Russia’s Economy is Buzzing from War Spending
The International Monetary Fund boosted its 2024 expectations for the country’s economic growth.
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War? What is it good for? Absolutely nothing. Except for the economy, even Russia’s.
Two years into Vladimir Putin’s invasion of Ukraine, full-scale war is bearing fruit for the Russian economy. On Tuesday, the International Monetary Fund upgraded its 2024 outlook for the nation, forecasting its GDP to increase by 2.6% this year — good for double previous projections and a larger upward revision than any other country in the report. Unfortunately, the cost has already included 315,000 dead or injured Russian soldiers, according to a recently declassified US intelligence report.
Sanctions Fall Short
Much of the Western world slapped Russia with a series of steep sanctions after the invasion, with restrictions in particular placed on Russian oil exports. But Putin’s aggressive war-time spending has stimulated the economy nonetheless, propping up commodities prices and making up for shortfalls in energy-related export revenues.
That was enough for most economists to gauge Russia’s GDP growth last year at around 3% — as well as for the IMF to increase its expectations for Russia’s economy in the remaining 11 months of 2024:
- The IMF’s projection of 2.6% GDP growth this year comes just after the organization had predicted a slightly more anemic growth rate of just 1.1% in October.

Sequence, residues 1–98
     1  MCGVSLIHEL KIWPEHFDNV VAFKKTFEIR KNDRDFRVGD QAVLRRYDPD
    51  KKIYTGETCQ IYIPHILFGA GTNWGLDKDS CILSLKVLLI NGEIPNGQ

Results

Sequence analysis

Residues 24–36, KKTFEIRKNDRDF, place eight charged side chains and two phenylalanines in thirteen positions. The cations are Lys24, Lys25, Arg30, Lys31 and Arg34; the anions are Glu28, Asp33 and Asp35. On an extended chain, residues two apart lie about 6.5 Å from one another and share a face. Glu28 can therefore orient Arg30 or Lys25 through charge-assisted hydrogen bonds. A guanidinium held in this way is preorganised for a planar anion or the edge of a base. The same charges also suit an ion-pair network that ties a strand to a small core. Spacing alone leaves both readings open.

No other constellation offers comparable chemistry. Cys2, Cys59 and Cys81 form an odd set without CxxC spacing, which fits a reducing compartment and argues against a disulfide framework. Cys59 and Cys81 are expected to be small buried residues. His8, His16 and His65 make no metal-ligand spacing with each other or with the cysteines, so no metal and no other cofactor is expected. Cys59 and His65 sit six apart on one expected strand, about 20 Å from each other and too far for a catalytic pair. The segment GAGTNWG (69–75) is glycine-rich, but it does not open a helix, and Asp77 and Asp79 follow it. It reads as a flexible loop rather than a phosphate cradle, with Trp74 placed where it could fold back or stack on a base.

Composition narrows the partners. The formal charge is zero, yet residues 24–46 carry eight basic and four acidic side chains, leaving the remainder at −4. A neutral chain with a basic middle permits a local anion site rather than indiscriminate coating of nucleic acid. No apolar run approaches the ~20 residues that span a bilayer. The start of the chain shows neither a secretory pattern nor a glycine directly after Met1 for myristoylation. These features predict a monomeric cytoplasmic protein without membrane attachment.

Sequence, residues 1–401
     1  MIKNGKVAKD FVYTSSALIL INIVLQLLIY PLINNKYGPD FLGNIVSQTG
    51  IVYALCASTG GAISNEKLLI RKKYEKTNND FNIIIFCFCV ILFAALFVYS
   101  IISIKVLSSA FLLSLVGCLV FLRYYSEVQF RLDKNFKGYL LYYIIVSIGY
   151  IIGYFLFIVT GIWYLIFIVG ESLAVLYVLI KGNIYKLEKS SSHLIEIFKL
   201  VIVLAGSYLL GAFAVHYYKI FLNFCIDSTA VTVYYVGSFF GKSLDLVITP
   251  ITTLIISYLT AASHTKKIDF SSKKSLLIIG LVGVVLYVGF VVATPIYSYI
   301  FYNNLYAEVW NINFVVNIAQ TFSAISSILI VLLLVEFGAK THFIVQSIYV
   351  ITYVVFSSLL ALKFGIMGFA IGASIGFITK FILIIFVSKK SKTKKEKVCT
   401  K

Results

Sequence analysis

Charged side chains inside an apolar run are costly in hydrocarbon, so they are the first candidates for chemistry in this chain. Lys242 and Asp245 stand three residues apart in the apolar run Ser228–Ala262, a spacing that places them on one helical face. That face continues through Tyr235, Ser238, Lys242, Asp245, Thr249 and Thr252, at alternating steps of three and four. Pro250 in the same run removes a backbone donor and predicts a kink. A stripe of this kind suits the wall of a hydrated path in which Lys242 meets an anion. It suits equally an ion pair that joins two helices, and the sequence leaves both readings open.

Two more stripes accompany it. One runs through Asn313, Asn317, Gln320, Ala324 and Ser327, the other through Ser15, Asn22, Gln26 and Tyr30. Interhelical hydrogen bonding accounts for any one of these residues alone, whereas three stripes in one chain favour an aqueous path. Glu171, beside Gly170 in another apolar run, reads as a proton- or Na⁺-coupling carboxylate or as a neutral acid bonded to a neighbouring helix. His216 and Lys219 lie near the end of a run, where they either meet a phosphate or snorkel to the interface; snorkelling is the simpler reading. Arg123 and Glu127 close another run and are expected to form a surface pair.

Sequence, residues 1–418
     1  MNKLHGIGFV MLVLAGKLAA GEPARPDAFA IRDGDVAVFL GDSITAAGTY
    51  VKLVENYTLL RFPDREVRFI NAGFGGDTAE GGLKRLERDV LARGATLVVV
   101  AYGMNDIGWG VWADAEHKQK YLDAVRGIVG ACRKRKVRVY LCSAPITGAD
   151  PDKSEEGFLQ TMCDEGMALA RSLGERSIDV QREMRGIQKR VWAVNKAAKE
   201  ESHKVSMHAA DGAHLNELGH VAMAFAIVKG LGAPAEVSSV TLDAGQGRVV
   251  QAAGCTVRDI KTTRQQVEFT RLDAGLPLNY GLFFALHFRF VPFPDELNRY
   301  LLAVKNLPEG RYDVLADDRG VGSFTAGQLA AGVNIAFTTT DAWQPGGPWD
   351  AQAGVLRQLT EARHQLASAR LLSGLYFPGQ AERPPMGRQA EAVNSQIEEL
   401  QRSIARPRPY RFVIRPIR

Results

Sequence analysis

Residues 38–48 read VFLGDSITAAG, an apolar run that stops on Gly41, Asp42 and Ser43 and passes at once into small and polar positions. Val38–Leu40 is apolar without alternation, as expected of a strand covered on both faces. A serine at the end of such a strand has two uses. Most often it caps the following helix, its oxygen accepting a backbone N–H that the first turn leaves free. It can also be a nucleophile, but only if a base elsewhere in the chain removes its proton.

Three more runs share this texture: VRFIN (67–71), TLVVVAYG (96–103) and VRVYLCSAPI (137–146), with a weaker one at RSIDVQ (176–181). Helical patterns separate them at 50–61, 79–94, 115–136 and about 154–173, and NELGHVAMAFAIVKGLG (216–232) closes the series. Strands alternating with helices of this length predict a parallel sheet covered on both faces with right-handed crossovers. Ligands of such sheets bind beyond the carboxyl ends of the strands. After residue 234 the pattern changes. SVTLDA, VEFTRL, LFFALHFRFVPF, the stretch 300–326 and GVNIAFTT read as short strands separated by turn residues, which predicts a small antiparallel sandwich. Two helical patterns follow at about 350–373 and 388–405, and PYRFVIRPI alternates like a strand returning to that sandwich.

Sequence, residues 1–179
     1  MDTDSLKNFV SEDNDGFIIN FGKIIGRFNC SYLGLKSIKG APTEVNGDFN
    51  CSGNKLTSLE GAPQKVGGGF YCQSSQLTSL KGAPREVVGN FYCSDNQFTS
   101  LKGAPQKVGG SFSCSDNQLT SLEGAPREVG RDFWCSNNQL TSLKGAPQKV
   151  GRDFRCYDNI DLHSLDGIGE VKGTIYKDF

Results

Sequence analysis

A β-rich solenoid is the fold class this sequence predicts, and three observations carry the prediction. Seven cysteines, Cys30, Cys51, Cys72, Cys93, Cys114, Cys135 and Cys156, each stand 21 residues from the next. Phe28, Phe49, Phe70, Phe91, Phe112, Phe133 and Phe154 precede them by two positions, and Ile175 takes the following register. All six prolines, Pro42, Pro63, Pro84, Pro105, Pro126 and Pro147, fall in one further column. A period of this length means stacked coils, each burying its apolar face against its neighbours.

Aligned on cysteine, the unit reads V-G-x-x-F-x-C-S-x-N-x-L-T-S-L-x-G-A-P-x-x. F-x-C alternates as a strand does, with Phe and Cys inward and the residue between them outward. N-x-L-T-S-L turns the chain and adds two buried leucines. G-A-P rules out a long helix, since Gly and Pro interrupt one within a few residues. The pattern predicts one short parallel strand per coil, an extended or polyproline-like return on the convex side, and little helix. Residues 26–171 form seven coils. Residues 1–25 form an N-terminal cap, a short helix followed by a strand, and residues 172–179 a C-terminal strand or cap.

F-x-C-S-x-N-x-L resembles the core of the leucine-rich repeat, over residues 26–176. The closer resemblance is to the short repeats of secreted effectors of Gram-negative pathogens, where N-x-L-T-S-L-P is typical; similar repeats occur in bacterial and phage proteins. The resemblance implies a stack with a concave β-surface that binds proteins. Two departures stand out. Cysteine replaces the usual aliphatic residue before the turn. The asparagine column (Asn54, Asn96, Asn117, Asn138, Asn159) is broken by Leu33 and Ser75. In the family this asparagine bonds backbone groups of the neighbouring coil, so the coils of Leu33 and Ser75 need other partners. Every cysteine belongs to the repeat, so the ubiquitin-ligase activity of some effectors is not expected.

- It’s also a projection more bullish than many Russian insiders have made. In November, Russia’s central bank predicted growth of up to just 1.5% this year, while the economy ministry has pegged the figure at 2.3%.
“It is definitely the case that the Russian economy has been doing better than we were expecting and many others were expecting,” IMF chief economist Pierre-Olivier Gourinchas told the Financial Times.
New World Order: In fact, the IMF’s rosy outlook extends beyond Russia. In its report Tuesday, the organization also upgraded its outlook for both the US and China, pointing to inflation’s faster-than-expected cooling. Gourinchas told reporters it is evidence that “the chance of a ‘soft landing’ has increased.” He also added that “the biggest global election year in history” — with roughly half the world’s population voting in major elections across roughly 64 countries — could boost economic activity. Political wars are good for economies, too, we take it.